Bandai // 2004 // 100 Minutes // Not Rated
Reviewed by Judge Brett Cullum // December 15th, 2005
Action and excitement at every turn!
DICE is an anime project made for The Cartoon Network's younger audience. It's chock full of young kids saving the galaxy in cool spacecraft that turn in to mechanical dinosaurs when they battle. It looks Japanese, and the animation is certainly produced overseas in Asia under the supervision of Bandai. But there is no source manga, and the show is written and performed Stateside. It's a nice diversion for kids, but doesn't offer much for adult anime fans.
The story is about teenagers who comprise a unit of the DICE squad called F-99. There are many characters, but the show seems most concerned with a spunky, spiky-haired redhead named Jet. In this volume the members of DICE (DNA Integrated Cybernetic Enterprises) take on four separate assignments. We find out a little more about The Phantom Knight, but he only appears in one episode (odd for a DVD called DICE: The Phantom Knight (Volume Four)). Mainly the gang just solves problems on different planets, and we get glimpses of a larger back story involving Jet and his lost brother.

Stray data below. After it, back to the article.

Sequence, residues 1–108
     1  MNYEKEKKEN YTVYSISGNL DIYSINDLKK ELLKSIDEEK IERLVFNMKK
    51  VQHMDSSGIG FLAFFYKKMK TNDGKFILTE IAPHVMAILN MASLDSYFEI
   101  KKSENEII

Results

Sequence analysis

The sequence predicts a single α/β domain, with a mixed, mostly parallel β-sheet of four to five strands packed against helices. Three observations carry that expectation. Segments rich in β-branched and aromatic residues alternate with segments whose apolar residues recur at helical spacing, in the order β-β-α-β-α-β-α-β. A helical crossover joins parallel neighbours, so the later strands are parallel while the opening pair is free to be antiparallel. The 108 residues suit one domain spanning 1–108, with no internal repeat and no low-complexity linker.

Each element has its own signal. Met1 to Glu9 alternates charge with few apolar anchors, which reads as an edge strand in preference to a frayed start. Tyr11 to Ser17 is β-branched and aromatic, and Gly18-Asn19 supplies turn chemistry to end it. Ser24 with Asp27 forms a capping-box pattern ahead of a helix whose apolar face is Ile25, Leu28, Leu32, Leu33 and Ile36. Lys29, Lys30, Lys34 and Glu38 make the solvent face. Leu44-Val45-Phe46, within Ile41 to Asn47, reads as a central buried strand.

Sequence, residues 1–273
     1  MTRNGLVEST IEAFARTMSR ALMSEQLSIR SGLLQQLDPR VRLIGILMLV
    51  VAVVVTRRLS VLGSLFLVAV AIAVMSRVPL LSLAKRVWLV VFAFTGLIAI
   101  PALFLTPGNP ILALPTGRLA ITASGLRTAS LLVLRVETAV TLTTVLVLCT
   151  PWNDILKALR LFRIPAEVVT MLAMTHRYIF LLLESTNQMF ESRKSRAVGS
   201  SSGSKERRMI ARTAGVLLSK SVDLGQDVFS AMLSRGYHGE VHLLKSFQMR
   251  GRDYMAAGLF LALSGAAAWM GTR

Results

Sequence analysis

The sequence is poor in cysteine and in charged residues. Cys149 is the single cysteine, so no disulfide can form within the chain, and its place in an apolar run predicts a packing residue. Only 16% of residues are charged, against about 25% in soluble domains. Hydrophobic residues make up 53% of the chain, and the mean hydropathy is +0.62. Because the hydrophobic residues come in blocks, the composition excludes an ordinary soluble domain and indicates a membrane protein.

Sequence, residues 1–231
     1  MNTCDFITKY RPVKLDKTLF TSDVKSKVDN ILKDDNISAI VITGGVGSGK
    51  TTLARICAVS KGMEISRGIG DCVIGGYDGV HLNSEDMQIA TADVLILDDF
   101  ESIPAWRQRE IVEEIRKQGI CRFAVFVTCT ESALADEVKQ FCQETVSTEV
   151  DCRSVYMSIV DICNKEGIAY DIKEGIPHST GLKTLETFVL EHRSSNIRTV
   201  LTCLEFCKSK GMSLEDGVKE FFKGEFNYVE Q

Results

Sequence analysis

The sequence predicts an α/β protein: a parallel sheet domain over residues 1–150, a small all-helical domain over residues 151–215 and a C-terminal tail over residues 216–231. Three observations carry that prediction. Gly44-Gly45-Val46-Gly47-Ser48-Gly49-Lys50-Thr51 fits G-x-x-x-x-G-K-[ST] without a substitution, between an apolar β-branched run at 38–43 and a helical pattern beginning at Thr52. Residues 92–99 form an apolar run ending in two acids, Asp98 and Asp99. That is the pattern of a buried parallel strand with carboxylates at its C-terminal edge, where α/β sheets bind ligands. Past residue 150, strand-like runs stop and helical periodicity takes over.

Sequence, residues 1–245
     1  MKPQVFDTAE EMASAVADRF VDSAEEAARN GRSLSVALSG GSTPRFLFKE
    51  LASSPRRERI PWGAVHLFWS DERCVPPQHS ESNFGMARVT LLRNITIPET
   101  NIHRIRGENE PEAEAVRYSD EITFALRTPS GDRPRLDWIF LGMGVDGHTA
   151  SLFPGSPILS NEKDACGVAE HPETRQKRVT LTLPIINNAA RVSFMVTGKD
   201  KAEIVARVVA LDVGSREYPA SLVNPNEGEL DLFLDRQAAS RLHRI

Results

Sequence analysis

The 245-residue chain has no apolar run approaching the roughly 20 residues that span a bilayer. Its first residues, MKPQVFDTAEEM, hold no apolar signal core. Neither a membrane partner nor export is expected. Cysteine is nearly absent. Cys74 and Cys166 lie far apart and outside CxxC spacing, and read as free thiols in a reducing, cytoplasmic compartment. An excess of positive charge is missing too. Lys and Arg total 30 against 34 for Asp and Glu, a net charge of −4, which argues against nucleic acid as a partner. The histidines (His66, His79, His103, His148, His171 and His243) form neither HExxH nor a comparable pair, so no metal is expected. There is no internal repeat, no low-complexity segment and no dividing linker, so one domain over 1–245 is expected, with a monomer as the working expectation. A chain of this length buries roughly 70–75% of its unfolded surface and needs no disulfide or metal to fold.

DICE fills a nice void for parents with young children who are not ready for the adult themes and violence that pepper most anime series. The art is brightly colored and simple, and the stories are usually more problem oriented than battle heavy. There's hardly any true violence, and the kids care about helping people in need and each other. I imagine this could be a useful title to hand to an elementary-school-age child to watch on a portable DVD player during a long car trip. This volume contains four full length episodes without any extra material.
Kids should be enthralled by the teenage adventures of the mecha robots getting people out of tight spots. DICE: The Phantom Knight (Volume Four) is fine entertainment for young fans who sport juice boxes and toys while sitting slack-jawed in front of the television. Serious adult anime otakus need not apply. The transfers are solid, and the stereo sound delivers enough punch to please the tykes. It's cute, harmless fun.
Review content copyright © 2005 Brett Cullum; Site layout and review format copyright © 1998 - 2014 HipClick Designs LLC
Scales of Justice
* Full Frame
* Dolby Digital 2.0 Stereo (English)
Running Time: 100 Minutes
Release Year: 2004
MPAA Rating: Not Rated
* Official Site
* DVD Verdict Review of Volume One
* DVD Verdict Review of Volume Two
* DVD Verdict Review of Volume Three